• Badass Beard: Shortly after undertaking his first truly badass act (bombing Tuco's headquarters as a negotiation tactic), Walt grows his mustache into a goatee.
  • Badass Boast:
    • "Stay out of my territory."
    • "I am not in danger, Skyler. I AM the danger. A guy opens the door and gets shot, you think that of me? No. I am the one who knocks!"
    • "I won."
    • "I'm in the empire business."
    • "I'm the cook. I'm the man who killed Gus Fring. Say my name."
    • "If you don't know who I am, then maybe your best course would be to tread lightly."
    • "Elliott, if we're gonna go that way, you'll need a bigger knife."
  • Badass Bookworm: He's an extremely well-read and educated man, which serves to make him even more dangerous and capable.
  • Badass Mustache: His mustache at the beginning of the show is an inversion; Cranston describes it as looking "impotent" and like a "dead caterpillar". He trades it in for a Badass Beard shortly after undertaking his first truly badass act, bombing Tuco's headquarters.
  • Badass on Paper: While Walt does accomplish much throughout his tenure as a drug kingpin, he leaves too many loose ends in his personal life, and his lack of long-term criminal connections means he quickly loses control of the drug cartel he acquired after Gus Fring's death, which forces him to work with the White Supremacists, who are even harder to control. Ultimately, Walt lacks the cold, expansive, ruthless efficiency that Gus possessed to hold onto his 'empire'.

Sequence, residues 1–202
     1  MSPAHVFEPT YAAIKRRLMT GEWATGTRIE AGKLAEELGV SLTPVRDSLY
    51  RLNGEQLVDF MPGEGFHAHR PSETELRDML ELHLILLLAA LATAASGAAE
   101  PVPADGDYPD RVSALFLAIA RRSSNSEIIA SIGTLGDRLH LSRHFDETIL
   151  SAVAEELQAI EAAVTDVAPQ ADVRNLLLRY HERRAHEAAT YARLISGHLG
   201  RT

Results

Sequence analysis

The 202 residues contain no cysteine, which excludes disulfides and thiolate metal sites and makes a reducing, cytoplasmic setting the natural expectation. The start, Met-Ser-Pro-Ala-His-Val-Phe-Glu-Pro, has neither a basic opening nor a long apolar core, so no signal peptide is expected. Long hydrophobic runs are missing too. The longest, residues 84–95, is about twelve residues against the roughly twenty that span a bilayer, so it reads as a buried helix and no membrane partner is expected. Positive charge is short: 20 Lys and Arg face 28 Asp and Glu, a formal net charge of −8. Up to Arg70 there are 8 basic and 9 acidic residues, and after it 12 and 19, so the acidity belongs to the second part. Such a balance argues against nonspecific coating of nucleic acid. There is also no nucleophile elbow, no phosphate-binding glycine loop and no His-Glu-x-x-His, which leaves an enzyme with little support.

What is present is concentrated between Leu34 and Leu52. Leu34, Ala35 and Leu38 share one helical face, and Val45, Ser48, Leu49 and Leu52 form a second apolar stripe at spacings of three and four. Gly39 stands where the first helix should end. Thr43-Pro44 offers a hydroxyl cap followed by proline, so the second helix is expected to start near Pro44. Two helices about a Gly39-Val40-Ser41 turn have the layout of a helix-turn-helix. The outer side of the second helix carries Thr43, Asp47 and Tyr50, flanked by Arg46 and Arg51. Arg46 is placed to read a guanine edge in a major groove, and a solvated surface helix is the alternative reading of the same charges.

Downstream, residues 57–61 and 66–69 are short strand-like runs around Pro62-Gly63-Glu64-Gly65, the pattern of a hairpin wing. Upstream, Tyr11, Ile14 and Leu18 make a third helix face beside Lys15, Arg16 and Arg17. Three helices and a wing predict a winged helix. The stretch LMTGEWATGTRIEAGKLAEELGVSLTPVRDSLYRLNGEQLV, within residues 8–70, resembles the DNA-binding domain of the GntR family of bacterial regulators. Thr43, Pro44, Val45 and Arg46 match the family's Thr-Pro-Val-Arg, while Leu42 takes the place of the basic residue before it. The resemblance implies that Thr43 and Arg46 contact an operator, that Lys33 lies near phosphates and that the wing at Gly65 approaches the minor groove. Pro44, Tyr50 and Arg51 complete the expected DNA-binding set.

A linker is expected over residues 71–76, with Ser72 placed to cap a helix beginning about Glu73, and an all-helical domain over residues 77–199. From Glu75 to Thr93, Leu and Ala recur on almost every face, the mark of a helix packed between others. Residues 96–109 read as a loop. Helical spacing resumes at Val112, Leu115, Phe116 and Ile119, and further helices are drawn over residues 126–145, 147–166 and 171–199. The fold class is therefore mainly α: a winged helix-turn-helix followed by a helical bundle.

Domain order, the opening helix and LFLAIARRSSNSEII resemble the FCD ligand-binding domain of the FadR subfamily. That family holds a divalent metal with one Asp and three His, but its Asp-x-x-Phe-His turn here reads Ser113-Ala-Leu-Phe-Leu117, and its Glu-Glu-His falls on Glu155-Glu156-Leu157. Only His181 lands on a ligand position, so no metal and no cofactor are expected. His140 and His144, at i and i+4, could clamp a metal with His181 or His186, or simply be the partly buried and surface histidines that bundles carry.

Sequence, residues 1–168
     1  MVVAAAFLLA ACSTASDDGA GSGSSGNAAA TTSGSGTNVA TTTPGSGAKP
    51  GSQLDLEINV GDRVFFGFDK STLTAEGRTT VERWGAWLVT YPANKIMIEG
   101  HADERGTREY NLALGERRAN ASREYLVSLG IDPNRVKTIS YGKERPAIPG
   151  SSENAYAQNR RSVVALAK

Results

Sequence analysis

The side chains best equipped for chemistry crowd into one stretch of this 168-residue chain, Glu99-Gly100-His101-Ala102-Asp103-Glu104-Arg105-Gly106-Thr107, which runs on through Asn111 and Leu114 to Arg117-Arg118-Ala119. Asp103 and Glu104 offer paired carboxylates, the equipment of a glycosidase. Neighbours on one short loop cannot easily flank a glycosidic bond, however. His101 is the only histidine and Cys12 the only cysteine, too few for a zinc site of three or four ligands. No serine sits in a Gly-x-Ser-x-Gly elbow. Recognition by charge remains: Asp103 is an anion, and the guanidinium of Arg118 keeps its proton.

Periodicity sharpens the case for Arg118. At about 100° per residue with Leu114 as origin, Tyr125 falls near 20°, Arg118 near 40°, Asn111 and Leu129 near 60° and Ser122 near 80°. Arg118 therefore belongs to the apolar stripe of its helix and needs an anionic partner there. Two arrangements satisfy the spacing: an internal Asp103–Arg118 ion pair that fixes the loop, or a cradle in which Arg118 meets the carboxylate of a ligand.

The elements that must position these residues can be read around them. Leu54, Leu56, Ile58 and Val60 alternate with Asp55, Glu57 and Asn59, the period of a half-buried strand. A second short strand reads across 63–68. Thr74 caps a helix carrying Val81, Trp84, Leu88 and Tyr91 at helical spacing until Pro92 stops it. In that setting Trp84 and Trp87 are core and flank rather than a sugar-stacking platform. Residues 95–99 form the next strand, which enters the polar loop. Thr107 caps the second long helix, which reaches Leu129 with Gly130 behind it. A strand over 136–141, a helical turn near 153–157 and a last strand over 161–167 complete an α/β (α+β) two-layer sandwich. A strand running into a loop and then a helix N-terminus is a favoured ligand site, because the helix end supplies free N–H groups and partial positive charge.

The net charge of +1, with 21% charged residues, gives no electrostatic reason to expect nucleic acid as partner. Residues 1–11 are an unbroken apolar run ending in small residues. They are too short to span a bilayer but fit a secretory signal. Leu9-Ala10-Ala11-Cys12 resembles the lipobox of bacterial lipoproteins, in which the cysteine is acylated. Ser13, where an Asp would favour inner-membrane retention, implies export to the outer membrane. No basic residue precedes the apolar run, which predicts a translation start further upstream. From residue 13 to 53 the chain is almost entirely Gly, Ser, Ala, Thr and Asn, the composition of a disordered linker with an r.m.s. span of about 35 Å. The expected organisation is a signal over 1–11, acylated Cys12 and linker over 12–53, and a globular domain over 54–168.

• Bad Liar: He turns into a sheet of cellophane whenever Skyler's around. And to Walt Jr. after "Ozymandias".
  • Bait-and-Switch Comment: When Walt sees Skyler for the last time and he starts to say "everything I have done..." she thinks he's about to repeat his usual justification for his crimes. Instead he finally admits that he mostly did it for himself.
  • Bald of Awesome: Starting in "Crazy Handful of Nothin'". Though as the show progresses, it gets closer to...
  • Bald of Evil: Notably, when he grows it back for "Granite State" and "Felina", he's become The Atoner.
  • Batman Gambit:
    • His victory against Gus hinges on Gus being so bent on revenge that he would want to kill Hector himself. It works. He later uses it to wipe out the Nazis and Lydia, seeing Lydia as a Creature of Habit and exploiting Jack's hatred of rats and Pride against them.
    • He's also the victim of one in To'Hajiilee. Jesse fools Walt into thinking he has found his barrels of money in the desert and is burning it. Panic stricken, Walt leads Jesse and Hank straight to it. Just for good measure, Jesse also goads him into admitting to the many crimes he has committed, all recorded by Hank.
  • Beard of Evil: Or at least Beard of Anti-Heroics, which Walt grows once his actions become less and less excusable. Eventually it's just a Beard of Evil.
  • Beard of Sorrow: He grows one during his self-imposed exile.
  • Because I'm Good at It.
    • In "Felina", he finally admits to Skyler that this is why he went on cooking.